Final Four Strategies: Keys to Helping Millennials Save


Men’s and women’s NCAA basketball teams across the nation know it’s time for March Madness, and that means time to step up their game. You can take a similar approach this spring by stepping up your game with Millennials by helping them better prepare for their future retirement.

From just out of college themselves to age 35, these workers are important now and in the years ahead. They are your up and coming go-to players and leaders. Indeed, the longevity and prosperity of your business dynasty rests with Millennials.

Millennials are smart, tech savvy, and understand the importance of saving for the future. According to a recent study, some 90 percent of Millennials view retirement benefits from employers as important, and 76 percent say the benefits were a major factor in making their job choice.

Yet this group is also cautious and looking for direction from a good coach. In general, Millennials have four main barriers keeping them from saving adequately for the future. Here are those weaknesses and some key strategies you can use to address these points.

What’s My Position? – Many Millennials report they don’t understand the basic concepts and saving options with retirement plans, according to a BNY Mellon white paper. They are equally confused about the benefits of pre-tax contributions and the likelihood of a lower tax bracket when they access funds upon retirement.

Address this confusion with both early and reoccurring education. Beginning with new hires and then during enrollment periods, target your retirement plan education to this younger crowd and make sure examples speak to their age bracket. Be sure to include some holistic fiscal training as well, so they can see how retirement savings plans go hand-in-hand with financial goal setting, budgeting, and debt reduction.

Play or Sit on the Bench? – While Millennials acknowledge the general necessity behind saving for the future, only about half of them are actually participating in retirement plans, according to studies by both Wells Fargo and Fidelity.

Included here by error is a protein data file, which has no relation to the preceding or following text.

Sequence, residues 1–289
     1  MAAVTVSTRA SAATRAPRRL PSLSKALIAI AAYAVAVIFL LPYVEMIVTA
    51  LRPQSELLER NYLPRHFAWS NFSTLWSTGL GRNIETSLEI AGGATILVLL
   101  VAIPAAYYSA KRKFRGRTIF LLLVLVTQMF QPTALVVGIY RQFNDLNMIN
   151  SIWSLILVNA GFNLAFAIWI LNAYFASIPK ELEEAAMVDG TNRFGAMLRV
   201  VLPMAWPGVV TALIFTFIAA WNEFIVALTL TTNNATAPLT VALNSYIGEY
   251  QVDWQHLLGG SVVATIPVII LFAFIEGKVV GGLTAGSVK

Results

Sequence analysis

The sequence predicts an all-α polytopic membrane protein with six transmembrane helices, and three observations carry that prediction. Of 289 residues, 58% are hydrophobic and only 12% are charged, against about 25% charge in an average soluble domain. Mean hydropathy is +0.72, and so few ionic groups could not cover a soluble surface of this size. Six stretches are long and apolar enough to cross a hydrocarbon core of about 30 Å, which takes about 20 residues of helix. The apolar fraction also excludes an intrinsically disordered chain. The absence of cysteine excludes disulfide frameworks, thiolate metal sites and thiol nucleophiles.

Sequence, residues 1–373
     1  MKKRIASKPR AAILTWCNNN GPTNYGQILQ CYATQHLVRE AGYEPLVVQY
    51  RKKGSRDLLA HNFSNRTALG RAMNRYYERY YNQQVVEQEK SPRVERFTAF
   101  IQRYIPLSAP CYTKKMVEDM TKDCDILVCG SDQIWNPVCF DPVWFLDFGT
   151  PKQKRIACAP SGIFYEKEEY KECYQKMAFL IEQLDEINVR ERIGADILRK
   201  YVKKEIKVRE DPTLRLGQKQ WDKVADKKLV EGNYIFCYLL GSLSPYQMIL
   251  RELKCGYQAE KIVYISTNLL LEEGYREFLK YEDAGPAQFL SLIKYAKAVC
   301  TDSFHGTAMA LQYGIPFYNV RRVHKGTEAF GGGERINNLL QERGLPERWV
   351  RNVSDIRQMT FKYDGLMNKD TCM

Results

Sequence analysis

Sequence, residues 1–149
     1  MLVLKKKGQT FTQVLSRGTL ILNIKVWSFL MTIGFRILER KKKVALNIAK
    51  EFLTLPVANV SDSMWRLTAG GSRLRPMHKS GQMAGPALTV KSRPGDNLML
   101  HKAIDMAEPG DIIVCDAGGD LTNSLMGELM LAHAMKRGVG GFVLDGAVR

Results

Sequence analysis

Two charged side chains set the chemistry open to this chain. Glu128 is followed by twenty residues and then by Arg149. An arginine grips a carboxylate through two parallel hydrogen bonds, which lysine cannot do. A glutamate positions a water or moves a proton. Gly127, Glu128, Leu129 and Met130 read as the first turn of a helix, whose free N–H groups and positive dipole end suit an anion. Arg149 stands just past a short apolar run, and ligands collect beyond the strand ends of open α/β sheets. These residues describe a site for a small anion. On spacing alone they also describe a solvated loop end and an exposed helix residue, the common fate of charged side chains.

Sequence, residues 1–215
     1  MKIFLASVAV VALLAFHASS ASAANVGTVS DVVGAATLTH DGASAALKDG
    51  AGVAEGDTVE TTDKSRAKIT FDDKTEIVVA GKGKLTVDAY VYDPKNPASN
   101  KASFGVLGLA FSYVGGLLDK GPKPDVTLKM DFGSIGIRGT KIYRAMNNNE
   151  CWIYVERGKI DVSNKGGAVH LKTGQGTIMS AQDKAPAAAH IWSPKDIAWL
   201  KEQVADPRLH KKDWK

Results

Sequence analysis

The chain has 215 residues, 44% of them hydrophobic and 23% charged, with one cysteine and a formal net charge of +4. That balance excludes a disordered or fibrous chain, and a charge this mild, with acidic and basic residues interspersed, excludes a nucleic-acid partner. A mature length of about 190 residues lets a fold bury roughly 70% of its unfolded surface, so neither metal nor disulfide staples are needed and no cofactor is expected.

You can help get these holdouts off the bench with auto enrollment and a Qualified Default Investment Alternative (QDIA), and then keep that participation growing with auto contribution increases. Just be sure to once again adequately explain these terms, how they work, and the benefits.

Team Approach to Contributions – Like other age groups, Millennials are not saving enough to sustain themselves later in life. While they are starting to save for retirement sooner than Generation Xers and Boomers, their contribution rates are still too low to adequately carry them through their retirement years.

Beyond auto contribution increases, help bolster employer retirement savings with a strong employer matching program. This two-fold contribution incentive of auto increase and employer match communicates teamwork and the importance you place on helping them save for their future. Most Millennials report that they want your help and guidance!

Playing Not to Lose – Economic turmoil (think the tech bubble in 2000 and the recent 2008 financial crisis) have many Millennials wary about investing. They need guidance to help them understand how to weather changing economic climates and when to be more aggressive with their investments.

Consider offering target date funds or other professionally managed age-based or risk-based asset allocation portfolios. Millennials are poised to benefit the most from compound interest and long-term growth strategies, if they understand how to save for retirement and when to adjust their portfolios.

Millennials are motivated players and innovative thinkers. They have the ability to take your business to new and creative playing fields. Help them and help yourself by making sure they understand the inner workings and benefits of your retirement savings plan.